Why does Mrs. Pac-Man need a bow, lipstick, and eye makeup to show that she’s a woman? Well, she’s the female version of a male character, so she has to be somehow different, right? And how else can we signify femininity, if not with lipstick and bows and breasts? Anjin Anhut at How Not to Suck at Game Design explains why having the default character be a boy and anything girly-looking be a girl is a problem.
The dominant use of unequivocal gender signifiers on characters – therefore the reduction of those characters to not much more beyond their gender – is with female characters way more frequent and severely stronger than with male ones. Most of the time these signifiers limit the respective character either to the concept of femininity or to a sexual entity. There are also by far fewer female protagonist, which puts female characters at a severe disadvantage, when it comes to exposure.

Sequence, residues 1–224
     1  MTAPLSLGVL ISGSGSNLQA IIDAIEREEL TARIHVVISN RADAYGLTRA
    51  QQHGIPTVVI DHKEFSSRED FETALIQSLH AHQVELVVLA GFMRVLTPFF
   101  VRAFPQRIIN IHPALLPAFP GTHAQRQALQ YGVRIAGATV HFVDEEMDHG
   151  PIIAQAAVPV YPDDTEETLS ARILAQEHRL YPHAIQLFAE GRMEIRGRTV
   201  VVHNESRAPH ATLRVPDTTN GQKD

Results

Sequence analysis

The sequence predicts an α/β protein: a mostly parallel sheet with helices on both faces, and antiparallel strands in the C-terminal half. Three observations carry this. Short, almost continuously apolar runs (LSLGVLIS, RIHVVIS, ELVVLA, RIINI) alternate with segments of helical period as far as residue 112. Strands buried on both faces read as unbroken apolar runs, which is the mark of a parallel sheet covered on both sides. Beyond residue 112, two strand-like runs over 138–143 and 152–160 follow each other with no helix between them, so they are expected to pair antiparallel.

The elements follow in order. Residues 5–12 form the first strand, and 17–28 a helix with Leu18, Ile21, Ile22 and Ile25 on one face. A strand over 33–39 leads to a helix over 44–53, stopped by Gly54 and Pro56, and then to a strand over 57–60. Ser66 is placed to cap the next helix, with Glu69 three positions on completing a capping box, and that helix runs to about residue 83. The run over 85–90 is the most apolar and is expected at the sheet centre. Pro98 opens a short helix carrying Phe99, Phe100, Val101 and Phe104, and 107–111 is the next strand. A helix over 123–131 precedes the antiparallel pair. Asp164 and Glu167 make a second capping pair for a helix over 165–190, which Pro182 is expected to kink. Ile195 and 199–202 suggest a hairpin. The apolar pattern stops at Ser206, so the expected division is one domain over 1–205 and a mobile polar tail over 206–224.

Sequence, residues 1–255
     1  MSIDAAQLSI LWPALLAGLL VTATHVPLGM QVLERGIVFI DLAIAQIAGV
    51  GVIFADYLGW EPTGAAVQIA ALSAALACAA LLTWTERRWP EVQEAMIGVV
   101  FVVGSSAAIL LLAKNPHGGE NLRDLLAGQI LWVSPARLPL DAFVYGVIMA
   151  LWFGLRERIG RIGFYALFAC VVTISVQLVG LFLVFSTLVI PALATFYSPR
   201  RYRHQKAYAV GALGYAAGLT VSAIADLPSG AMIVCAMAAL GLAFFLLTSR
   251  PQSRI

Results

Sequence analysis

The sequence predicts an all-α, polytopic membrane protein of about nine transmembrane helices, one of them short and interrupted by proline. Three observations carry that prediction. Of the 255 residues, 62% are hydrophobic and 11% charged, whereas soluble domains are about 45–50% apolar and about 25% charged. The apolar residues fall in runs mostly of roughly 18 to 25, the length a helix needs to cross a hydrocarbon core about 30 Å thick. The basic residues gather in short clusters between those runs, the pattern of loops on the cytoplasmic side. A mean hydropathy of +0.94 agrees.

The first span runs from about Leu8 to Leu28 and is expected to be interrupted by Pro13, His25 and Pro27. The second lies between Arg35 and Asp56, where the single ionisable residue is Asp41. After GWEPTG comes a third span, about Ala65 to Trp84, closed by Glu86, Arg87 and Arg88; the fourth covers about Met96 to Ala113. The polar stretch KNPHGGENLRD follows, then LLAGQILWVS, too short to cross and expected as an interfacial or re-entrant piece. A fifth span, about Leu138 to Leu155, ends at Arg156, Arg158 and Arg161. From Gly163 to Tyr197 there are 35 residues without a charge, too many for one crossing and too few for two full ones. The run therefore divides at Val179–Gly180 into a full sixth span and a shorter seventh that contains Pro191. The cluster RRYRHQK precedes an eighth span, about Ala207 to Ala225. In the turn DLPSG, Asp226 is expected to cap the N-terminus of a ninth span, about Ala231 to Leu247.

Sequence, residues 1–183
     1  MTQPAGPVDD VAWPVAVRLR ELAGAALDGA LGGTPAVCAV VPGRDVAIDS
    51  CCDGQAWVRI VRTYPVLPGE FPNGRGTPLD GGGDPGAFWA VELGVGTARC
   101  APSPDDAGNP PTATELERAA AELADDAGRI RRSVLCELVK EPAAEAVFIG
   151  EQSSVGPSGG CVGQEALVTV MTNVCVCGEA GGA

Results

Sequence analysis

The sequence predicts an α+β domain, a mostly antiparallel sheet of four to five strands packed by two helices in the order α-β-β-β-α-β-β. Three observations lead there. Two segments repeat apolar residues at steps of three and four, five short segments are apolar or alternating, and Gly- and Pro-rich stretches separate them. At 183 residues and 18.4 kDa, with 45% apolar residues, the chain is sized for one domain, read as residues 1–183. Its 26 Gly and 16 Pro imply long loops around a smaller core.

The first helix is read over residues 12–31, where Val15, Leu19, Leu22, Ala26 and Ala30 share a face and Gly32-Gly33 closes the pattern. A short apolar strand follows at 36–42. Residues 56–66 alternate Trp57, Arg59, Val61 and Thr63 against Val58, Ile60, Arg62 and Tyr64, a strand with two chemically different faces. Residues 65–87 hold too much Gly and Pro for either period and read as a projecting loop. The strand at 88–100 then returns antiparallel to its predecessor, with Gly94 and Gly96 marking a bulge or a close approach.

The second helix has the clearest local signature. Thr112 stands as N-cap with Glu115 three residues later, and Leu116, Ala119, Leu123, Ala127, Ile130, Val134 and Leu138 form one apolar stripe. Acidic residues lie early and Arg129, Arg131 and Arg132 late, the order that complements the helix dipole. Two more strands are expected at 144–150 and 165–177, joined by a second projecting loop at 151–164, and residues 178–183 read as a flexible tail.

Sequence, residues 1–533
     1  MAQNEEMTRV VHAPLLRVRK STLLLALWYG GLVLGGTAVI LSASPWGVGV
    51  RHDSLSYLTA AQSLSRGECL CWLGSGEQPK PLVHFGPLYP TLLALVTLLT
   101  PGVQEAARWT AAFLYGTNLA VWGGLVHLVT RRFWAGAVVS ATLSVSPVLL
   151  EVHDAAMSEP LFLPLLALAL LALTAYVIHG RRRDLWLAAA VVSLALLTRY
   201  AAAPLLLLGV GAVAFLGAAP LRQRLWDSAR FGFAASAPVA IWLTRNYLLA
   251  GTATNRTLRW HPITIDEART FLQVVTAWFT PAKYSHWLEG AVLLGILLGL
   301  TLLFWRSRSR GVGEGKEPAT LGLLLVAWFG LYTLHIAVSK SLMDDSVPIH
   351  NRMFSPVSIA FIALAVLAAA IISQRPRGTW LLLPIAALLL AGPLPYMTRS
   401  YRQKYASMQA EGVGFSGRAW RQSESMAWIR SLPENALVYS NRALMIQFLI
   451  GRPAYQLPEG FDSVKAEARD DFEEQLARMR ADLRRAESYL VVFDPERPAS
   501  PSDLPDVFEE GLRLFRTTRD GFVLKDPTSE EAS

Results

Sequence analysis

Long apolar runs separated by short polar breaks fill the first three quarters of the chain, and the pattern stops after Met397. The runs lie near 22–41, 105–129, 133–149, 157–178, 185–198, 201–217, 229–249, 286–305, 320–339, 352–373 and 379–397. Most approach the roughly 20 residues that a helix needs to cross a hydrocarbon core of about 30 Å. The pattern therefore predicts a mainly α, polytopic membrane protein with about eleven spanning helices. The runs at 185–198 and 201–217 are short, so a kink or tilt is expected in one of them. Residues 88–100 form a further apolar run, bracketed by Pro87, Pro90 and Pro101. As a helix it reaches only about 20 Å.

In most groups, female characters just appear as one single member or as very very few members of that group. This is referred to as the “Smurfette principle”. It makes the gender of that female character a distinguishing factor, drawing special attention to the character’s gender or limiting the character to her gender.
The same goes for derivative characters. There are little to no instances where there is an original female character spawning a male one. On the other hand, on the subject of “distaff counterparts”, there are tons and tons of popular male characters spawning female counterparts.